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Brethren by NatureNew England Indians, Colonists, and the Origins of American Slavery$
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Margaret Ellen Newell

Print publication date: 2015

Print ISBN-13: 9780801434150

Published to Cornell Scholarship Online: August 2016

DOI: 10.7591/cornell/9780801434150.001.0001

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“We sold … 47 Indians, young and old for 80£. in money”

“We sold … 47 Indians, young and old for 80£. in money”

Enslavement in King Philip’s War

(p.131) Chapter 6 “We sold … 47 Indians, young and old for 80£. in money”
Brethren by Nature

Margaret Ellen Newell

Cornell University Press

This chapter focuses on King Philip's War (1675–76) and its impact on Indian–English relations and the Native American experience. Most historical narratives of the war mention the captivity and enslavement of Indians. In these accounts, captivity largely forms a coda for some Indians and a marker of English victory. Putting captives at the center of King Philip's War does not completely revise our understanding of the war's progress and outcomes. It does, however, help explain the behavior of civil and military leaders on both sides of the conflict. Like the Pequot conflict, King Philip's War began for complex reasons but quickly became a war about captives. These were different wars, yet the outcomes with regard to captivity and enslavement proved curiously similar.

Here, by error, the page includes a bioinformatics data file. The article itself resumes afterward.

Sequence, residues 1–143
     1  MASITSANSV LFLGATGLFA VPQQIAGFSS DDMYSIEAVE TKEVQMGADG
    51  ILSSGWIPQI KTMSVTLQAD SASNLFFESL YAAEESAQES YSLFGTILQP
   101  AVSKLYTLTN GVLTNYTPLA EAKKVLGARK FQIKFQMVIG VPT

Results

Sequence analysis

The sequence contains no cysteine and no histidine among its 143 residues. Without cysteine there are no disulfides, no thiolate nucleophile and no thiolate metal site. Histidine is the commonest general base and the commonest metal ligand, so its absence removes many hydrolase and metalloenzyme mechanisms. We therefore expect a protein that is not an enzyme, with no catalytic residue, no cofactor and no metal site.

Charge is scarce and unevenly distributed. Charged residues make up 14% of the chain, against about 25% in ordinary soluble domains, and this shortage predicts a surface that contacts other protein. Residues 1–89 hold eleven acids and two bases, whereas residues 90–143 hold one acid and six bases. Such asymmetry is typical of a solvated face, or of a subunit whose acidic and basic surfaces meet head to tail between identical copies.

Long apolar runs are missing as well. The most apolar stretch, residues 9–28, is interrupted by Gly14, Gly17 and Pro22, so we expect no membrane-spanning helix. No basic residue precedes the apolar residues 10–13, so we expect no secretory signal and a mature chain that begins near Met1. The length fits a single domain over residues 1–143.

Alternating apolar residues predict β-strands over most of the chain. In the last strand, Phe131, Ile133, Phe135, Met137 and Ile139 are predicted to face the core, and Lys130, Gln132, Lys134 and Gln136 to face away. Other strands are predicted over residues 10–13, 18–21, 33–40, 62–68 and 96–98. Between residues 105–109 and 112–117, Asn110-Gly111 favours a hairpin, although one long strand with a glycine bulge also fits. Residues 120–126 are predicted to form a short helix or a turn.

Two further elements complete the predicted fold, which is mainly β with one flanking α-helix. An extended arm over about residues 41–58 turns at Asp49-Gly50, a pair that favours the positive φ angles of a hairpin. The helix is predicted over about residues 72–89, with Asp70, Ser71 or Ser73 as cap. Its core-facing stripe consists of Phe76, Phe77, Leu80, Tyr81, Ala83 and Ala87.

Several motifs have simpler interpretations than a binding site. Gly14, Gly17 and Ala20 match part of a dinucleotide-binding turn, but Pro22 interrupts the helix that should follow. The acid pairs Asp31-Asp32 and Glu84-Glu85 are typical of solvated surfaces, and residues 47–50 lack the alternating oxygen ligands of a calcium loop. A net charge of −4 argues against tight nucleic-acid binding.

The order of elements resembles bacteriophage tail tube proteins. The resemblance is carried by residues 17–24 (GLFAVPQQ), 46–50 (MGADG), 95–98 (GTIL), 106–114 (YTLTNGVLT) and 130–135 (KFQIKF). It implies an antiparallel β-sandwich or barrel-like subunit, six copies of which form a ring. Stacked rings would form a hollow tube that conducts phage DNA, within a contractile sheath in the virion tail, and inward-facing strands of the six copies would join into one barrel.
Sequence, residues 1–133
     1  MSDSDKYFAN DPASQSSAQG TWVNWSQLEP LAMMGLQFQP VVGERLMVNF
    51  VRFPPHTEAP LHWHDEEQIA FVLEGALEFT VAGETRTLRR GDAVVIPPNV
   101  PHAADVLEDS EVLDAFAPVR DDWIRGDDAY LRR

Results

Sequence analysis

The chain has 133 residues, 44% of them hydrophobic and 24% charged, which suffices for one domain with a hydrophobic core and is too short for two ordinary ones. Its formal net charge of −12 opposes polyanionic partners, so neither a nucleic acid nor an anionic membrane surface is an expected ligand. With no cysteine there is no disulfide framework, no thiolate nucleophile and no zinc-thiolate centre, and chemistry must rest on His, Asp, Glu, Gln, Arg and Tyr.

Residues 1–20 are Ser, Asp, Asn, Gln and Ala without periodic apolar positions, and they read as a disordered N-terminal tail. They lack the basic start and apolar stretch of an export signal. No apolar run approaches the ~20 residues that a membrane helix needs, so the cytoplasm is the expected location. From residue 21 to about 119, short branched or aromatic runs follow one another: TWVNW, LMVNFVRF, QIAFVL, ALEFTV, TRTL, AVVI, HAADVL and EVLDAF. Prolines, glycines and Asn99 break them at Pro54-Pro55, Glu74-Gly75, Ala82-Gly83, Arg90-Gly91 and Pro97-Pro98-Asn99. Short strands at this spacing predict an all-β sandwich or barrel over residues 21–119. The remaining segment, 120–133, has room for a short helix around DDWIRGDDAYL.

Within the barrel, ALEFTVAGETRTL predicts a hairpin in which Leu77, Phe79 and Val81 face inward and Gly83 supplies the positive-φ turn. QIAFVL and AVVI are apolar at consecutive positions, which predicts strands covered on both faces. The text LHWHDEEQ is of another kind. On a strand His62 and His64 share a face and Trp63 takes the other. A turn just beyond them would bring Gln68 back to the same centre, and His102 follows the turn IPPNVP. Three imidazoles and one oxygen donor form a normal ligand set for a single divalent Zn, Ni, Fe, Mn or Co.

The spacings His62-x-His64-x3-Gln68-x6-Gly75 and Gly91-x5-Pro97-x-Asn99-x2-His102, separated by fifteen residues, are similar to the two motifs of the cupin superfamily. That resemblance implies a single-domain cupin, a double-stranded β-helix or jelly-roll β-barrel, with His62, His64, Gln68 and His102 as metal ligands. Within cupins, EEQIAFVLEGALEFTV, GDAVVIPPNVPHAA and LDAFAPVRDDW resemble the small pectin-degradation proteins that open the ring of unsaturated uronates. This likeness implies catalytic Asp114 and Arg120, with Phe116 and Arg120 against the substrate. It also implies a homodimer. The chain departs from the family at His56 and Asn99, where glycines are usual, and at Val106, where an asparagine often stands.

Keywords:   King Philip's War, Indian–English relations, Native Americans, Indian slaves, Indian captives, Pequot Indians

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